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Letters 10/28-11/4 

photo credit: djking via photopin cc

photo credit: djking via photopin cc

Editor's Note:

In the October 23 issue, a photograph ran in the Events Calendar along with an announcement about a presentation on the retreat of glaciers in the Three Sisters Wilderness. That photograph ran without appropriate credit. Mary Moynihan is the photographer who took the picture—and, moreover, who made the difficult trek out to the remote Moraine Lake. It is a telling and beautiful picture, and more information and more photographs can be found at:


So, Roats needed to register to vote at a business called Roats Water System because it was the best place for people to find him? Because they wouldn't necessarily know to find him at Roats Water System if he hadn't registered to vote there? Because people always check voter registrations to determine how to find someone? Even someone named Roats who owns a business named Roats?

—Michael Funke


Actually, it's called thinning—but functionally it still creates thousands of stumps and burn piles 8-20 feet high. And all of this is, and will be, visible from the River Trail since often it comes right up to the trail. It's unsightly now, and will continue to be. The piles will be up for another year (two years total) and after the piles get burned the singed circle of 15-25 feet (going down several feet) will be visible for many, many years. The U.S. Forest Service is marching down the river trail starting up at Benham Falls.

I talked to the District Ranger and questioned why they had not left a 100-foot-plus buffer zone (undisturbed) along the river trail (in my opinion the "Crowning Jewel" of the Deschutes National Forest) and his explanation essentially justified no visual management (protection of views) along the trail as fitting in with the goal of thinning to bring back the historic open character (due to ages of fire) of the forest, and to reduce catastrophic fire potential. I agree with the overall concept for the inner forest but this "transition" zone between the riparian [area] and the inner forest is a special case—very important, sensitive and fragile and very important to wildlife plus very important to the untouched beauty for us hikers, mountain bikers, tourists and homies. In my opinion, this undisturbed for a generations visual and ecological masterpiece—the area adjacent to the River Trail—is more important than the small increase in fire potential (there is a river on one side to stop fire spread!) due to adding a 100-foot buffer zone to minimize the visual impact.

Yes, the thinning plan did go through a long review period with input from many of the stakeholders (including environmentalists), but I think somewhere they forgot about common sense—to protect the visual beauty of this national and local trail resource and treasure.   

The area has been recovering from logging and after a lifetime now is quite natural with wilderness character. It's now shocking to see the dramatic effect of human intervention with the chainsaw work, thousands of stumps and hundreds of burn piles soon to be large burn rings! (If they where illegal campfire rings they would be looking to arrest someone!)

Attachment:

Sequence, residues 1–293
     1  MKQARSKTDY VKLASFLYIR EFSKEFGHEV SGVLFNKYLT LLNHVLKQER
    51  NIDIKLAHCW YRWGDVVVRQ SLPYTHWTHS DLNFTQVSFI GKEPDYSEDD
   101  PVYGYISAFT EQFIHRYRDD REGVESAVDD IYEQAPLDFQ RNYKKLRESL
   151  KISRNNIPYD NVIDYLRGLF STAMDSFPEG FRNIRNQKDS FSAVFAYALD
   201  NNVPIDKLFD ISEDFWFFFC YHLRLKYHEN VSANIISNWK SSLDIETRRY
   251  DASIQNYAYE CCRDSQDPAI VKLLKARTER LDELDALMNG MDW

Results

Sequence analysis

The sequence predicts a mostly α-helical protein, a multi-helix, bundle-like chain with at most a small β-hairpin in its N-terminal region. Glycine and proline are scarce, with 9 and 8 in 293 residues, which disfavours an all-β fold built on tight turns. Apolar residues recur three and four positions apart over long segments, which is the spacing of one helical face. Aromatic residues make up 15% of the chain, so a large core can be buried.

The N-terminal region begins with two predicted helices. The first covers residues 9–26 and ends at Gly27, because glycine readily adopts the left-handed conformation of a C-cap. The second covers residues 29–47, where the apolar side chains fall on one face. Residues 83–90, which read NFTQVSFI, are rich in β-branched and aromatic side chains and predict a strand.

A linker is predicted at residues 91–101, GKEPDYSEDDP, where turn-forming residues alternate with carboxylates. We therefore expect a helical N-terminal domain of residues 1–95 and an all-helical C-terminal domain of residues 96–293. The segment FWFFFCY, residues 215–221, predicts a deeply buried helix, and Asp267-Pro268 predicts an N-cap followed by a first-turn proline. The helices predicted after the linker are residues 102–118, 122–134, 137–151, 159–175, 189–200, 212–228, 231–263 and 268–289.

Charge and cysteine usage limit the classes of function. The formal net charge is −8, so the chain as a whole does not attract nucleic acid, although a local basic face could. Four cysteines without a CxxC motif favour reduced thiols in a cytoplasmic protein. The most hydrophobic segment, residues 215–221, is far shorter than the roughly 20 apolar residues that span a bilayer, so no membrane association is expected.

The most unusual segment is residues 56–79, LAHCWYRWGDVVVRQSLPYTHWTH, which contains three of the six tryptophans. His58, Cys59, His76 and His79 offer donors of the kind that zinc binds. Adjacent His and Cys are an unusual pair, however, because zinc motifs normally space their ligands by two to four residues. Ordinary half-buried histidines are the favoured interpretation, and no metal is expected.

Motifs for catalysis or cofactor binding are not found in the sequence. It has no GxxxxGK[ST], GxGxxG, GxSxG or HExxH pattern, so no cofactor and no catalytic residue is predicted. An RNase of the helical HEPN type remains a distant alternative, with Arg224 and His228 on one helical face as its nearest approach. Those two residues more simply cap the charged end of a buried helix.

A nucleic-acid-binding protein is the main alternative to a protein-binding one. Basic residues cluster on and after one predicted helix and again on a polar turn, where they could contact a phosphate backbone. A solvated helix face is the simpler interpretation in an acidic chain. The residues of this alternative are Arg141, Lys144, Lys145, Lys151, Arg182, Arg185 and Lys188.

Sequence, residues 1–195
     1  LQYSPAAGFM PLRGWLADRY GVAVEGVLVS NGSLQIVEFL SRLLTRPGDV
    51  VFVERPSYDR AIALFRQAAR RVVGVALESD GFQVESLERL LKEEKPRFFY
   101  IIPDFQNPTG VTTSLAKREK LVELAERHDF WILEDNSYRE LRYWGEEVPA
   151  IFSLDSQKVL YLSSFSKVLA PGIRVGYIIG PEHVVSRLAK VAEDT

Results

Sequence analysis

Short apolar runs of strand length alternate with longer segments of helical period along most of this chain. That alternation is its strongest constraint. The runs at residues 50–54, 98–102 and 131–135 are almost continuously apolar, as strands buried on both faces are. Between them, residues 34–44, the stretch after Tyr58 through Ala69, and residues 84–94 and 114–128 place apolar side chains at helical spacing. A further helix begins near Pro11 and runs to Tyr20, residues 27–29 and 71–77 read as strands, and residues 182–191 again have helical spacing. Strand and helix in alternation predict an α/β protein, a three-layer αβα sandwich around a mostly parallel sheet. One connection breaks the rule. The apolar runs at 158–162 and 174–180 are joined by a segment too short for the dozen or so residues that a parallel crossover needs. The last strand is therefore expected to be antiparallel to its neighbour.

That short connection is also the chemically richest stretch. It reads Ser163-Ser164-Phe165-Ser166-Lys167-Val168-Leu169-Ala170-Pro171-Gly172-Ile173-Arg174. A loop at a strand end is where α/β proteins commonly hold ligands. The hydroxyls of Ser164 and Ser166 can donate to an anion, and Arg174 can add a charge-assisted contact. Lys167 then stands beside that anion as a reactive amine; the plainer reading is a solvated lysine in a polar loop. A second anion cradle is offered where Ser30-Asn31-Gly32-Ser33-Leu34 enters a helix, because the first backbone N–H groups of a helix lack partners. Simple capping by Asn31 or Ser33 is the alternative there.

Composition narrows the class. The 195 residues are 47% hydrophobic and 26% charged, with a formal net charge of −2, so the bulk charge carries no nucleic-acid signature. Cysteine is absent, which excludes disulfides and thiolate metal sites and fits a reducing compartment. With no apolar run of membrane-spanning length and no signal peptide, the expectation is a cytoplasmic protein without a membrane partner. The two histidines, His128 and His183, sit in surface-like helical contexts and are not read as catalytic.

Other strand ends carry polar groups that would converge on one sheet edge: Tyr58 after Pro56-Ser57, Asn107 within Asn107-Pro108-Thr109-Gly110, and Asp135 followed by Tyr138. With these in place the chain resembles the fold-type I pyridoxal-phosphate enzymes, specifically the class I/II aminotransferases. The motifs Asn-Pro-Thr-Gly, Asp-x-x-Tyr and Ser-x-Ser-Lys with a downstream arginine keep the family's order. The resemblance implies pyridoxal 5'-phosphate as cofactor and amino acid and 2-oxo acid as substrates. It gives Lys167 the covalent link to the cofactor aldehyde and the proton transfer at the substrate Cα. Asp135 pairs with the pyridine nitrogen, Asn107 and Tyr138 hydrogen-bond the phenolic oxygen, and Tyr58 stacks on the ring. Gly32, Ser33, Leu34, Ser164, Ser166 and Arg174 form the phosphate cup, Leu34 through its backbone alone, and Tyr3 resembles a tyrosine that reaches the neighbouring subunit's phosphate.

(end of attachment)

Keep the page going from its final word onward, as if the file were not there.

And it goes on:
It was perfect—now it's significantly degraded visually and will take many, many years for nature to cover up the impact.

I suggest you get up there and see what it has done to the Benham Falls area and downstream. And imagine it continuing for miles on downstream to and through Meadow Camp Picnic area. If we don't express our desire for a buffer zone we won't have one—and [will] have to look at a disturbed landscape for the rest of our lives along our beloved river trail. We will have lost a lot.

—Mark Schuette


On a Sunday afternoon, on the busiest section of Century Drive near Galveston, a deer was hit by a car. The concussed youngster had four or five people huddled around him while cars drove in between him and the rest of his herd looking on anxiously. Traffic might have slowed but it didn't stop.

Thankfully before the "Animal Control" executioner arrived, the deer stumbled to his feet. Blocked by traffic and people, he went away from the herd and tried jumping over a fence. What followed was excruciating—in the middle of the road, circling, circling, as if a head injury was certain to kill him. He fell again. By this time I had stopped traffic on both sides and asked the first person in line to please keep those behind at bay (apparently no one felt within their rights to do that).

This letter is to you soccer moms in your giant SUVs who couldn't take five minutes out of your Sunday afternoon to help save a life. You didn't even need to lift a finger, only wait. Are you ashamed to have displayed such apathy, selfishness and aggression in front of your children? To the man who yelled, "They're a dime a dozen," I ask you: with seven billion humans on the planet, who is a "dime a dozen" really? Who creates this mess where deer huddle in town to escape hunters, only to be crippled by our relentless rush to get somewhere? Praise growth for the sake of profit while our morals have long been flushed down the toilet.

Gratitude to the people who helped save this deer's precious life.

—Vanessa Schulz


Whoever wrote this article needs a pat on the back. All of us in this town like to think that Bend is a progressive, free thinking municipality, but it's the people like Casey Roats whom, with their lies and parents' money, keep it from truly being a remarkable town.


Seems to me the only "mocking, juvenile response to an accusation" is the one presented in this article. It even comes with a fitting image. Way to trivialize politics, TSW.


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